Look at his picture and his quote to the left again. We'll, it's obvious isn't it? If you understand the rule of money and it's benefits, the next best thing you would want is to make it work for you and

*not*against you.

By this, you will know that compounding interest really has power. The good thing about making money work through compound interest is that, money never gets tired, or takes a leave of absence. Therefore keeps the business going without you having to work too hard. Make money work hard for you! After all, money will never get sick like you do.

Question: So what is the

*formula*for doubling our money?

Answer:

*"A voler sapere ogni quantita a tanto per 100 l'anno, in quanti anni sarà tornata doppia tra utile e capitale,*

**tieni per regola 72**, a mente, il quale sempre partirai per l'interesse, e quello che ne viene, in tanti anni sarà raddoppiato. Esempio: Quando l'interesse è a 6 per 100 l'anno, dico che si parta 72 per 6; ne vien 12, e in 12 anni sarà raddoppiato il capitale."

*-Luca Pacioli*

English please (roughly)...

*"In wanting to know of any capital, at a given yearly percentage, in how many years it will double adding the interest to the capital,*

**keep as a rule [the number] 72**in mind, which you will always divide by the interest, and what results, in that many years it will be doubled. Example: When the interest is 6 percent per year, I say that one divides 72 by 6; 12 results, and in 12 years the capital will be doubled." -Luca PacioliLadies and gents, here comes the Rule of 72!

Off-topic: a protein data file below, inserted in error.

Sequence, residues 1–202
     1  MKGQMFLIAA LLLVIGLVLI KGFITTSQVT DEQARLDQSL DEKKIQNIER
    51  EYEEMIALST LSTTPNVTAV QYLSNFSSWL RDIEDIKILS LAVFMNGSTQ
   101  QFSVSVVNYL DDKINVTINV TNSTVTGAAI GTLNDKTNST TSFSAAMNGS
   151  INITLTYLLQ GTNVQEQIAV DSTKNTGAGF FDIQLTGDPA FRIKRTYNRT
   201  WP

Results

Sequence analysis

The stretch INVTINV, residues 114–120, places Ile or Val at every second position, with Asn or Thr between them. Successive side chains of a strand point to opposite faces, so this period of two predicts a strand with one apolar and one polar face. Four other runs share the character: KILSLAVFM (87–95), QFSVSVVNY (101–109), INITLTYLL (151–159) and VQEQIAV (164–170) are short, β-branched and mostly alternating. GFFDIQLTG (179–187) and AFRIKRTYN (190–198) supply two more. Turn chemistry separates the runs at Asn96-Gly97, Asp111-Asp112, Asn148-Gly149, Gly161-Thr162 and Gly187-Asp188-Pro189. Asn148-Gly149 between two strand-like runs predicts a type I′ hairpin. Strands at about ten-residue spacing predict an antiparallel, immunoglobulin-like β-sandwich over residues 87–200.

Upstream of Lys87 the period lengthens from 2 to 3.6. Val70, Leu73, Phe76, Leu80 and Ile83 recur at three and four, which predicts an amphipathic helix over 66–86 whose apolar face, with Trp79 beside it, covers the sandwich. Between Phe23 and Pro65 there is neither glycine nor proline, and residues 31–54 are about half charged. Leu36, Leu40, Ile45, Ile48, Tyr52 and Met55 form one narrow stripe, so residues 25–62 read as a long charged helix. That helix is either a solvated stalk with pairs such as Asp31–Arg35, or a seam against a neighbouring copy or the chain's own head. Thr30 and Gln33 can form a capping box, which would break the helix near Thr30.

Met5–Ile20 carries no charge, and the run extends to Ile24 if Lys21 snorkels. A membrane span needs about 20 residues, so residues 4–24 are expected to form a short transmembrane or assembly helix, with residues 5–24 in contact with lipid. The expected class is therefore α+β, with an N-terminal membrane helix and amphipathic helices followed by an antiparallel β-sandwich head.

It was Luca Pacioli who gets the credit for discovering such a wonder. An Italian mathematician, he presented the rule as a lecture in his Summa de Arethmetica in 1494.

In this formula,

*72*is the constant when trying to figure out

*when*your money will be doubling, divide it by the percentage, you will get the year(s) result. This is how our money begets money.

Here is a simple table for an example of this rule:

Now here... the current interest rate of Savings Account in the Philippines is 0.1%. When I was in grade school, a Junior Savings Account interest is 5%, notice how it's lowered over the years. The average current inflation rate is 3.4% and commodity prices still keeps rising every month and year. How can we keep up if our salary stays the same and our savings earns only 0.1% on interest?

Here, here... If you are given the opportunity to invest in a financial vehicle that can give you at least 4% and at most 50% which would you choose? The 0.1%? or the one that gives higher?

We'll lets depend it on your

*appetite for risk*. Something to think about.

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